Green Bay Packers: Linebackers Best and Worst Case Scenarios

LOS ANGELES, CA - OCTOBER 28: Oren Burks #42 of the Green Bay Packers played the Los Angeles Rams at Los Angeles Memorial Coliseum on October 28, 2018 in Los Angeles, California. (Photo by John McCoy/Getty Images)
LOS ANGELES, CA - OCTOBER 28: Oren Burks #42 of the Green Bay Packers played the Los Angeles Rams at Los Angeles Memorial Coliseum on October 28, 2018 in Los Angeles, California. (Photo by John McCoy/Getty Images) /
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Green Bay Packers
Christian Kirksey, Cleveland Browns, Green Bay Packers’ signee (Photo by Jason Miller/Getty Images) /

Experienced Players

Christian Kirksey comes to Green Bay after six years in Cleveland, and Oren Burks is in a make or break season after barely seeing the field in his first two seasons with the Packers.

Oren Burks

As a converted safety, Burks was supposed to come in and help out as a better coverage linebacker than most. The Green Bay Packers even traded up to get Burks in the third round of the 2018 NFL Draft. Unfortunately, he hasn’t been the guy they hoped he would be so far.

In his second season, he actually saw his defensive snaps about cut in half from 122 to 57 for the year, from about 12 percent to 6 percent. This was slightly due to the fact he didn’t play in the first four games of the season due to a pectoral injury, but it would have been somewhat of a cut regardless.

Now in his third season, Burks’ time as a young guy with potential is over, and he has to show it on the field. If he would practice well, the Packers would love to use him. The first priority of Mike Pettine’s defense is stopping the pass, so having a guy like Burks that is billed as primarily a coverage linebacker would be a huge help.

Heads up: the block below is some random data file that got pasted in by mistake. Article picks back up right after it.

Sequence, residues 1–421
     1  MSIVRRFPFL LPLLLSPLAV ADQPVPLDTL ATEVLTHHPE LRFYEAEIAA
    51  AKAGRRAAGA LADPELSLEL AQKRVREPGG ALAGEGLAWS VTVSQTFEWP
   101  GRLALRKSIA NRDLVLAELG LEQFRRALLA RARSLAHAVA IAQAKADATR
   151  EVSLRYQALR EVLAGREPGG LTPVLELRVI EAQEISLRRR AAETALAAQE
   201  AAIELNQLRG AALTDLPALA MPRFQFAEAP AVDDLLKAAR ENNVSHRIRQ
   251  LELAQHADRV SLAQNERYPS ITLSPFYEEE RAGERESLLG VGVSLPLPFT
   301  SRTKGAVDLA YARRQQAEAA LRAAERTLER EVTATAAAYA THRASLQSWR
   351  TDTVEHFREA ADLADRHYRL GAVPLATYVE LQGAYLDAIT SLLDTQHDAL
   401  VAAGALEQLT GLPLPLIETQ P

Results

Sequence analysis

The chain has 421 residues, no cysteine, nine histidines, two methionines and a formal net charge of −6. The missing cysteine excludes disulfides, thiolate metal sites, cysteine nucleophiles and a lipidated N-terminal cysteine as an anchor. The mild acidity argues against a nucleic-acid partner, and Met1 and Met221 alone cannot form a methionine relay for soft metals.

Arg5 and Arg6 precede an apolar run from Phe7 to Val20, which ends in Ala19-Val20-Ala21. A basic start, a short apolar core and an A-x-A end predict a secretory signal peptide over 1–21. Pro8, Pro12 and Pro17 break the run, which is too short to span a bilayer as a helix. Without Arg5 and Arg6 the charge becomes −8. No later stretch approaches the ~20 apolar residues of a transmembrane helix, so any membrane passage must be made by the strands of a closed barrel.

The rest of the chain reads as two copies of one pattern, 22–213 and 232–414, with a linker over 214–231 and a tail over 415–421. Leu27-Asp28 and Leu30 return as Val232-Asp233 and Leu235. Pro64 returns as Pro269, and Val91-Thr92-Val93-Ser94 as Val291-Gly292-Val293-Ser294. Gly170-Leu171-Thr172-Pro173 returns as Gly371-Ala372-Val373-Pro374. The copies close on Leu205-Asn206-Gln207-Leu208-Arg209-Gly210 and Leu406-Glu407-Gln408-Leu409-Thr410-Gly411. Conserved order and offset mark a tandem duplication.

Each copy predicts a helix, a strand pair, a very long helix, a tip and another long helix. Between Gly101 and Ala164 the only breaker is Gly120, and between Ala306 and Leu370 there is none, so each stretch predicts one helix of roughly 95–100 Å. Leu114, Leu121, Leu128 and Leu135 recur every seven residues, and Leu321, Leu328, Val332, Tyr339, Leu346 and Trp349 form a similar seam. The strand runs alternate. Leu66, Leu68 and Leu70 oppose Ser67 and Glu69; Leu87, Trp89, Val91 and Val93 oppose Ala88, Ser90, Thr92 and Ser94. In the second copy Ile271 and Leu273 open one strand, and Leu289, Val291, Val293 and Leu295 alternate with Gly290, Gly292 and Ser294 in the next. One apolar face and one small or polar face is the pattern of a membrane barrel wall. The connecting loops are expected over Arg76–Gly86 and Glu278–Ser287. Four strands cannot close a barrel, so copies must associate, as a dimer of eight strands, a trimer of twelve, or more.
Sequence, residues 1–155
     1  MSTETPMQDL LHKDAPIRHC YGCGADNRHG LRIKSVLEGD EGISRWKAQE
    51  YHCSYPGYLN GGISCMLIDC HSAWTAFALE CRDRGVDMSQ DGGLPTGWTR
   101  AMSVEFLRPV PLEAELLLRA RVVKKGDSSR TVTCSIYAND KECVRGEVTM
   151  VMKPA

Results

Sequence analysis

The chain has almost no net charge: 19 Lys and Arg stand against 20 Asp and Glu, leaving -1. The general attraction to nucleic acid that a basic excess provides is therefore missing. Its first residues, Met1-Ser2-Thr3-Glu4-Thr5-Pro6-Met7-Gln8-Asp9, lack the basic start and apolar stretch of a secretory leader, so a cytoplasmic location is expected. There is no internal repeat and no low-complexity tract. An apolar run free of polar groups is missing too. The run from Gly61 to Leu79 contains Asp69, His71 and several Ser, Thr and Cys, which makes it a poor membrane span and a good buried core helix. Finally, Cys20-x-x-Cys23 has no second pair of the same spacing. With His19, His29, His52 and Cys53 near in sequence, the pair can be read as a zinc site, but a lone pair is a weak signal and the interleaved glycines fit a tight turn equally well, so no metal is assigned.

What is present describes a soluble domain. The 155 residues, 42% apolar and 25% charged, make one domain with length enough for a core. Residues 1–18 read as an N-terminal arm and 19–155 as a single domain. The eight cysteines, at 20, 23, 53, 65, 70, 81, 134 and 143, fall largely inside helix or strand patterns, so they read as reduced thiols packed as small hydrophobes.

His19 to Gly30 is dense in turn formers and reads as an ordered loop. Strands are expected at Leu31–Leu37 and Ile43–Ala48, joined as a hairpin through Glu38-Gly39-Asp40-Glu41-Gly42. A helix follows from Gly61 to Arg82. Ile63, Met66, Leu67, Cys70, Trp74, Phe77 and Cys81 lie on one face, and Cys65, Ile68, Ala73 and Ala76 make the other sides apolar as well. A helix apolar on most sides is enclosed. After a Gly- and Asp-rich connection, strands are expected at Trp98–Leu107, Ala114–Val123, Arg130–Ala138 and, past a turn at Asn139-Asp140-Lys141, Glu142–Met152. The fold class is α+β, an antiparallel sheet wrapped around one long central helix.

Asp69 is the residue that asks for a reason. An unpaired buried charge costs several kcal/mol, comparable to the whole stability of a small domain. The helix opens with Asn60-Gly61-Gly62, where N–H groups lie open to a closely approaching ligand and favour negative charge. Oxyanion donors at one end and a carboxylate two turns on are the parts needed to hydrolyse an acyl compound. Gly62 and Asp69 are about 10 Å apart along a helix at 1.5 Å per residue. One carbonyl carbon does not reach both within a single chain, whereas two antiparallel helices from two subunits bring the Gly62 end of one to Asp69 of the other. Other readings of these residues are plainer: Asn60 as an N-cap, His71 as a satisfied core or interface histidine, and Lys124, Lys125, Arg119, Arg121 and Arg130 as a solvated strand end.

Clearly, he hasn’t done enough, though, because that spot has been filled with safeties in the box like Raven Greene and Ibraheim Campbell the last two years. It could be a big season for Burks, but he’s running out of time.

Best Case Stats: 45 total tackles, 5 TFLs, 3 INTs, 6 PDs

Worst Case Stats: 20 total tackles, 1 TFL, 0 INTs, 2 PDs

Christian Kirksey

Kirksey comes to the Green Bay Packers on a reasonably cheap deal, with an average salary of $6.5 million over two years. He’s relatively inexpensive because of his recent injuries. After playing in every game for the first four years of his career, he played in just nine in the last two seasons combined.

He is essentially the replacement to Martinez as the one true linebacker in the middle of the Packers’ defense in most of their personnel packages. He doesn’t boast the big tackle numbers that Martinez has the past few years, but he’s been playing next to Joe Schobert, another one of the league’s leading tacklers, for the last few seasons.

His tackles will probably see a bump simply because of the system he’s in and his role as the sole inside linebacker. However, what he does better than Martinez is play in space. Kirksey has the ability to cover running backs and go sideline to sideline on outside run plays. Last season, the Packers got burned on outside runs, simply because of Martinez’s lack of speed. That should be somewhat remedied this season with Kirskey in his spot.

This is, of course, all assuming Kirskey stays healthy and has the same speed and explosiveness he did before his injuries. His injury last year was to the chest, so that shouldn’t affect his play speed, but in 2018 he missed time because of his ankle and a hamstring. If he stays healthy and can cover well, he could be the missing piece for this defense. He will be the team’s starting linebacker pretty much no matter what if he stays healthy, so his worst-case stats are still solid.

Best Case Stats: 95 total tackles, 12 TFLs, 2 INTs, 7 PDs

Worst Case Stats: 65 total tackles, 4 TFLs, 0 INTs, 3 PDs

Next. Bringing Back Aaron Jones is a "Priority". dark

Who do you think will take the big step to become the Green Bay Packers’ number two linebacker? Let me know in the comments below or @DairylandXpress. Next up in the series will be safeties. Past best and worst-case articles are below if you missed them.


Running Backs

Wide Receivers

Tight Ends and Fullbacks

Offensive Line

Defensive Line